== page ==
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gb18
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keriflur
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Re: Amazon and DRM


gb18 wrote:
http://www.the-digital-reader.com/2013/10/11/leaked-contract-reveals-amazon-insists-drm/#.Ulgjt3iP_q...

I don't read this legalese the way the article writer does.  What this sounds like to me is that the default is DRM, which is a protection for Amazon as it errs on the conservative side.  If the vendor said, "Hey, I don't want this," and they put in writing, there's nothing to indicate that Amazon would put up a fight about it.

 

AFAIK, Amazon did not put up a fight when Tor went DRM-free.

flyingtoastr
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Re: Amazon and DRM

I think it's more the fact that Bezos has been running around in interviews talking about how he's opposed to DRM on principle while the company he micromanages has it in very hard language that DRM is always the default option that's the issue here.

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MacMcK1957
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Re: Amazon and DRM

[ Edited ]

What's in the contract seems different than what this writer reads into it: "Unless we mutually agree otherwise, we will use DRM in connection with the download of the eBooks, and we may use any available digital book DRM technology."

 

He reads that as Amazon "insisting on" DRM.  It could as easily be read as a default assumption: we'll use DRM unless you tell us not to.  If he could show evidence that Amazon refuses to agree to it his argument might hold up, but he doesn't and it doesn't.

 

For example, Orson Scott Card does not like DRM.  Earth Afire contains the note: "At the publisher's request, this title is being sold without Digital Rights Management software (DRM) applied."  Where's the insistence?

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keriflur
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Re: Amazon and DRM

[ Edited ]

flyingtoastr wrote:

I think it's more the fact that Bezos has been running around in interviews talking about how he's opposed to DRM on principle while the company he micromanages has it in very hard language that DRM is always the default option that's the issue here.


You consider that hard language?  LOL, that's just basic lawyerspeak for "this is the default, and to do otherwise, we both need to acknowledge it."

 

There must be a default, because Amazon's system has to have a default.  The lack of a default means that the default is no DRM.  Also, no default = legal quagmire, and no good lawyer would write a contract without some protection.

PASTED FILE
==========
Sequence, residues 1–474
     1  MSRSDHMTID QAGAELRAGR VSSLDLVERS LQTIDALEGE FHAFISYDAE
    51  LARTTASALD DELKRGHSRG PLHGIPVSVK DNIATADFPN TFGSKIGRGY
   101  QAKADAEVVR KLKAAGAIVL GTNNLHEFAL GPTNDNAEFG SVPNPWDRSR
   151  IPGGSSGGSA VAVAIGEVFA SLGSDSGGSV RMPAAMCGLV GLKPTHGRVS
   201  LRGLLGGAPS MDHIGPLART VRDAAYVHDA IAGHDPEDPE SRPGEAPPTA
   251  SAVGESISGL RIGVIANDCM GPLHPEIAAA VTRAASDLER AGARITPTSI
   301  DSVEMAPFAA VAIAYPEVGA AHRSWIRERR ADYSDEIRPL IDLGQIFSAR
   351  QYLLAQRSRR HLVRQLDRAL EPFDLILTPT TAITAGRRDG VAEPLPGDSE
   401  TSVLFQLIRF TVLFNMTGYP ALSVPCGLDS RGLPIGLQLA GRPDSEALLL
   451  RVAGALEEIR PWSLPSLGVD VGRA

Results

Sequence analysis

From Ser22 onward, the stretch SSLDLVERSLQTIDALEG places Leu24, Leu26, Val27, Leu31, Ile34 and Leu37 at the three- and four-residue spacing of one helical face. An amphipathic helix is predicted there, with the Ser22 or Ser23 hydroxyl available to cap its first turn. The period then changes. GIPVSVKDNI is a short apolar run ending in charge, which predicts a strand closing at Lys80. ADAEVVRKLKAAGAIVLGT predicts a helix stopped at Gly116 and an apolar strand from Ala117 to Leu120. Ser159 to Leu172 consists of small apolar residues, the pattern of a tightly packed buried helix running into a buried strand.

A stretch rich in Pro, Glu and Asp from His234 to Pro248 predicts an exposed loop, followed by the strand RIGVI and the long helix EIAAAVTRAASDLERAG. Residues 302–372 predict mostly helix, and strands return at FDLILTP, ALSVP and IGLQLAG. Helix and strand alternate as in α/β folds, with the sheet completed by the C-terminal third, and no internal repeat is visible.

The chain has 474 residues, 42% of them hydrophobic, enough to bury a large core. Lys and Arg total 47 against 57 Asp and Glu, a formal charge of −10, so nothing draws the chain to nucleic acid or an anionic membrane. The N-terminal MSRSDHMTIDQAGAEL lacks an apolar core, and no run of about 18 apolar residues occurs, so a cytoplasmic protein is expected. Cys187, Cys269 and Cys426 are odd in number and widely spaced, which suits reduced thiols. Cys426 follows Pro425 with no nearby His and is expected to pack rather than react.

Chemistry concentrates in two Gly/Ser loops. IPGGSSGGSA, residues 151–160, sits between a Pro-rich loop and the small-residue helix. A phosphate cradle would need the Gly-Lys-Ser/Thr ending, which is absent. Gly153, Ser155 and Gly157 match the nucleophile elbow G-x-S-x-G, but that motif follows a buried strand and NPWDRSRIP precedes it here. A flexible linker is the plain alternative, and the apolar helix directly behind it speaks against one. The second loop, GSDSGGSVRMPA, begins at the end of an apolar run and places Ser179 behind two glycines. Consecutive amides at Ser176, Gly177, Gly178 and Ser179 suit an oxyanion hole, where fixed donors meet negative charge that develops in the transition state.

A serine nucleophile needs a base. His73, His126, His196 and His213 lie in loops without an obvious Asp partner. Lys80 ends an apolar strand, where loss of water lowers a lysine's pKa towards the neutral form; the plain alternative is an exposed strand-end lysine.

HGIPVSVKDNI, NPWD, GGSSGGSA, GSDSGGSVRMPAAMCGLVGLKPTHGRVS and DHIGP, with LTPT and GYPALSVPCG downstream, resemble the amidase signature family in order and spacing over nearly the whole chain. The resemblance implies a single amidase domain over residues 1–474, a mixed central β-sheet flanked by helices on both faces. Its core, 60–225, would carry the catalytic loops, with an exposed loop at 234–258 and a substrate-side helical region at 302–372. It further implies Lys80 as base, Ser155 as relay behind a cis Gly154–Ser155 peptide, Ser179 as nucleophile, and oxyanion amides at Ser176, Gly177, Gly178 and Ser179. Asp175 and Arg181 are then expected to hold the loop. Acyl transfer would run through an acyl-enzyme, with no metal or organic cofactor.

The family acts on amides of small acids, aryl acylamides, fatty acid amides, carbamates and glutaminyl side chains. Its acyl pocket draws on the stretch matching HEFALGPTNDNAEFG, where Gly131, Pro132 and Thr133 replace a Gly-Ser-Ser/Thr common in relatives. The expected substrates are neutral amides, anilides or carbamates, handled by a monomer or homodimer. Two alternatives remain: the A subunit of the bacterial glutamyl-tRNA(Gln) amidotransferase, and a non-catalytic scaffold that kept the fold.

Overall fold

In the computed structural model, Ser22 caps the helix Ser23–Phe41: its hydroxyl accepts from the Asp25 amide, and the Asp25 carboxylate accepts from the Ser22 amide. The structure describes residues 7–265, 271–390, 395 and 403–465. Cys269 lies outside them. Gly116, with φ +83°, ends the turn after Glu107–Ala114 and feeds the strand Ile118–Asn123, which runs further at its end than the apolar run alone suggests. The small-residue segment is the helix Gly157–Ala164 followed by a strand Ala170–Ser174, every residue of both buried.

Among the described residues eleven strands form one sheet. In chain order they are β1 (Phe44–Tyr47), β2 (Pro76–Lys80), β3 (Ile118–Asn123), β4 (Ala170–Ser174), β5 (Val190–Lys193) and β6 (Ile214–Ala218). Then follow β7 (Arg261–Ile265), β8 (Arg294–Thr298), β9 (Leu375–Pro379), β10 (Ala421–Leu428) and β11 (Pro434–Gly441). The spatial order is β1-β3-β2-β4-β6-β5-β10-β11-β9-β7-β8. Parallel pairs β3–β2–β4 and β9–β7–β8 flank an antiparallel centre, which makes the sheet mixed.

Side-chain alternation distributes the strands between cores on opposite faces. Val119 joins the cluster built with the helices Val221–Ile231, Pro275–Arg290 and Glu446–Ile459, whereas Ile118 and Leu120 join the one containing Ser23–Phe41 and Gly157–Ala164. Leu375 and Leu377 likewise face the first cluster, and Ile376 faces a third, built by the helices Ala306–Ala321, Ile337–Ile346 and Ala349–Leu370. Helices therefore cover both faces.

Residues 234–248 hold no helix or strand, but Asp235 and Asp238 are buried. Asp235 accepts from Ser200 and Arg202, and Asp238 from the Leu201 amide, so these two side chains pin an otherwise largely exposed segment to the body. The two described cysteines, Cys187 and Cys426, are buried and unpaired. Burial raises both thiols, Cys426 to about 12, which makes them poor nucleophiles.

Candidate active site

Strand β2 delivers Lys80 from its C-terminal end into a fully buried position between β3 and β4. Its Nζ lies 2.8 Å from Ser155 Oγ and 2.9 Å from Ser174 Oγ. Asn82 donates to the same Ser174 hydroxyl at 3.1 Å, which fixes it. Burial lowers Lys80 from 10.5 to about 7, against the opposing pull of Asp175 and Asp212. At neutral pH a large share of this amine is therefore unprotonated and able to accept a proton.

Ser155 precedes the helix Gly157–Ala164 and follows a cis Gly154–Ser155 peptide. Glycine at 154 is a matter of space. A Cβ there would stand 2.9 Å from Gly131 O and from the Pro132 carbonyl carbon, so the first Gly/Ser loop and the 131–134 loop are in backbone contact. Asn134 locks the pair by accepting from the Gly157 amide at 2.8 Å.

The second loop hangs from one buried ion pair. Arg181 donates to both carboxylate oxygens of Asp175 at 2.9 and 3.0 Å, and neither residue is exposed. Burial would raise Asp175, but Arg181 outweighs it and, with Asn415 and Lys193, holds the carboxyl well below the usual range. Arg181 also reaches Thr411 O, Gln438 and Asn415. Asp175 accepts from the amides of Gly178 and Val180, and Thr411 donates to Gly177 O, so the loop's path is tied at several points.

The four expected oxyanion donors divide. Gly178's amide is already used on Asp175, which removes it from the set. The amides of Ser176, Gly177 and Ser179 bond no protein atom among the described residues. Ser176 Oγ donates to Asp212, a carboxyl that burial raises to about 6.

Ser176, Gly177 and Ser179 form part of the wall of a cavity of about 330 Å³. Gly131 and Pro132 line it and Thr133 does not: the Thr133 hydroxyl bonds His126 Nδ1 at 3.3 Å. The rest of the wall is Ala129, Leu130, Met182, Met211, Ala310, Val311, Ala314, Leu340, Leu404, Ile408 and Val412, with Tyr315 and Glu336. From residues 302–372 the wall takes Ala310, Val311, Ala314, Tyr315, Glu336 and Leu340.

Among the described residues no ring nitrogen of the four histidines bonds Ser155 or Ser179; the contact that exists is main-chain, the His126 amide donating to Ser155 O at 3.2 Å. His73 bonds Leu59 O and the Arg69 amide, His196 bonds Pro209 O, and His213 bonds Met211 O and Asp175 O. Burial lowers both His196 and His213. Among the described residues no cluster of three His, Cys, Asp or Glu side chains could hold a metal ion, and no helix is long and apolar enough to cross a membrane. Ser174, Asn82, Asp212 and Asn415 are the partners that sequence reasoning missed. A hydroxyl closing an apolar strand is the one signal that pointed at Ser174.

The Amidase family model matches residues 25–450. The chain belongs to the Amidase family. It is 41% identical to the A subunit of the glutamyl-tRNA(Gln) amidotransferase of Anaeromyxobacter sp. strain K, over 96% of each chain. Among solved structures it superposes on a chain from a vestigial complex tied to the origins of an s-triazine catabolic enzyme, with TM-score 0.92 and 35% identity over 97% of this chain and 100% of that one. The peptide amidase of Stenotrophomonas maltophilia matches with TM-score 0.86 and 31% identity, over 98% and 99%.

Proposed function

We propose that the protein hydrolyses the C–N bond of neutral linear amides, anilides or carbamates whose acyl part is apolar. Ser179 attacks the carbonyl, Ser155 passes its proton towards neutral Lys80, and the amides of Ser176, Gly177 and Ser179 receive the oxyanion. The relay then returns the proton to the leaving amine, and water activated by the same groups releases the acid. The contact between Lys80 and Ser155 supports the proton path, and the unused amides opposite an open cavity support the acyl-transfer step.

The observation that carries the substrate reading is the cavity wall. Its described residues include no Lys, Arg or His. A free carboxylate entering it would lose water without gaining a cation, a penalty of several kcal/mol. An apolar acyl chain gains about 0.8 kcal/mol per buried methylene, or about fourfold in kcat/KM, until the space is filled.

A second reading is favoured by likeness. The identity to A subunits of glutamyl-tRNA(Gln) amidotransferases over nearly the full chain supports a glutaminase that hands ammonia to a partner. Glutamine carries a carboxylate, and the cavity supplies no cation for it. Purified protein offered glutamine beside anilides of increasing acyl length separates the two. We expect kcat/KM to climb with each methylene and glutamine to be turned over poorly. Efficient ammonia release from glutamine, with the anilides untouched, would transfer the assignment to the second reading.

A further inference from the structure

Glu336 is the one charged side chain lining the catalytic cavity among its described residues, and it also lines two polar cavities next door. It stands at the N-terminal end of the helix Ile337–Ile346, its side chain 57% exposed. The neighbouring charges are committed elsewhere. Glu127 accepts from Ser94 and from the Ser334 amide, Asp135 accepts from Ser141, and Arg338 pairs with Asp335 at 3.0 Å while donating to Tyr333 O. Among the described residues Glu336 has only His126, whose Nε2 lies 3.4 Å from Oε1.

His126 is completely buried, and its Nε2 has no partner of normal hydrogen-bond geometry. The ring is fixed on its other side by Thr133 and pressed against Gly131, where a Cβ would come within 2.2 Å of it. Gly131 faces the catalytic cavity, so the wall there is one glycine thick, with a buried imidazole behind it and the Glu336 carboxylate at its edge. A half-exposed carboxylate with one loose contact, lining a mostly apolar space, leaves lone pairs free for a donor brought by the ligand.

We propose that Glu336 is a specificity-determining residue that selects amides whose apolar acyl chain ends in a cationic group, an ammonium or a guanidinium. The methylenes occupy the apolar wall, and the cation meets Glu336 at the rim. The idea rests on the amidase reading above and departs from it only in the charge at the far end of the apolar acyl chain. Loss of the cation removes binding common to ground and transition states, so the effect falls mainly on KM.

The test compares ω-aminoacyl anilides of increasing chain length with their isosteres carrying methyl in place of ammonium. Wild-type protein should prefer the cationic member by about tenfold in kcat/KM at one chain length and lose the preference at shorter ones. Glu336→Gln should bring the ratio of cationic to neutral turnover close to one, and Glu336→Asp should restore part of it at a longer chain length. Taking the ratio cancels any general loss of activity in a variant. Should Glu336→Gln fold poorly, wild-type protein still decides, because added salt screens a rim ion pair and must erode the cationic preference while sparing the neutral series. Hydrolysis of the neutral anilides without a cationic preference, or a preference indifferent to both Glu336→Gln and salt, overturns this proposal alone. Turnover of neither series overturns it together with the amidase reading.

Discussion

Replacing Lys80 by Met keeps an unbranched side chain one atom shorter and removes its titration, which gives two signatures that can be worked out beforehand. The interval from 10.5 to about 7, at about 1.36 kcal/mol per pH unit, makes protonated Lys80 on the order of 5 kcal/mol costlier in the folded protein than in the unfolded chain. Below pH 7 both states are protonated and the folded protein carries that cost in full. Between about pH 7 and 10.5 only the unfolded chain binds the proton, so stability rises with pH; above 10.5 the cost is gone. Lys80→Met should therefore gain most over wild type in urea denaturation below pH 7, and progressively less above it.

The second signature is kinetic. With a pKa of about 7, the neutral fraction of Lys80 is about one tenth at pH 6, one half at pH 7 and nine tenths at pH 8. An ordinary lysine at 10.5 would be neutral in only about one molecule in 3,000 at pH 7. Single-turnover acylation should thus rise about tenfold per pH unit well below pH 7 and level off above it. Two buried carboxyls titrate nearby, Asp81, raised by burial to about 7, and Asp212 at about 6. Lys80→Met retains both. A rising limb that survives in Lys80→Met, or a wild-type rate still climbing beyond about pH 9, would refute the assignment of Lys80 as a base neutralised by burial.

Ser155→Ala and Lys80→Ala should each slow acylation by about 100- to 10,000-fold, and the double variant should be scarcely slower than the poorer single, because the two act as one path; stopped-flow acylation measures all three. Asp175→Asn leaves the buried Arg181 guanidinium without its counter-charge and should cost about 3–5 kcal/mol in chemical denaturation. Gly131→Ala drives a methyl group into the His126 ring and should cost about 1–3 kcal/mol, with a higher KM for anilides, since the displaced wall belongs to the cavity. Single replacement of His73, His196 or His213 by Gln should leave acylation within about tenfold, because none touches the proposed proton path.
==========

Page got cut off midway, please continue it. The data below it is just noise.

If the default is no DRM and the pub wants otherwise, that's a much bigger foul than the pub not wanting DRM and getting it.  So, the smart legal thing to do is to go conservative and make DRM the default.

 

"Unless we mutually agree otherwise" just means that both parties have to agree.  This protects Amazon from the scenario where the pub thinks they told Amazon, but Amazon never got the message, and protects the pub from Amazon just deciding what to do willy-nilly.  It's smart language.

 

"and we may use any available digital book DRM technology" means that if Amazon wants to make a change to its standard DRM, it doesn't need to get approval from every single publisher who was DRM.  Again, smart.

 

All this line of contract shows is that Amazon doesn't hire dummies for lawyers.  IMO it's completely fair and does not imply a preference for DRM, just a preference for not being sued and an acknowledgement that DRM is currently the industry standard.

flyingtoastr
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Re: Amazon and DRM

[ Edited ]

Ok, let me try this again.


If you indicate that digital rights management software (“DRM”) is to be applied to your eBook, Barnes & Noble will use commercially reasonable efforts to provide such DRM consistent with industry standards.


That is how the language in the legal agreement for NOOK Press describes DRM. 

 

Unless we mutually agree otherwise, we will use DRM in connection with the download of the eBooks, and we may use any available digital book DRM technology.

 

This is from Amazon's contract.

 

Note that they're both saying the same thing - the retailer will apply DRM if the author wants it and will not if they don't. The difference is all tone. The BN one is completely agnostic - it simply states that if the author wants DRM than BN will provide it. The Amazon one is far more aggressive - DRM encumberment is the default for all Amazon's books.

 

And this flies directly in the face of what captain Bezos tells the world he and Amazon feel about DRM. He's repeatedly said in interviews that it's the publishers who insist on DRM encumberment and that he would love to go DRM free on everything. He's scapegoating authors and publishers while at the same time secretly using language that aggressively promotes the use of a technology he said he doesn't want around. It's the worst kind of doublespeak.

 

All it does it confirm to me that Amazon's DRM has nothing to do with content protection - it's solely about keeping customers locked into their ecosystem.

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deesy58
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Re: Amazon and DRM

Does anybody believe that "tone" has any significance in a courtroom?

 

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keriflur
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Re: Amazon and DRM

[ Edited ]

The Amazon contract language is NOT from KDP, it's from a contract with a publisher.  Unless you have B&N publisher contract language, I'm not sure we can legitimately compare the two.

 

Also, see what I said above about no default and good lawyers.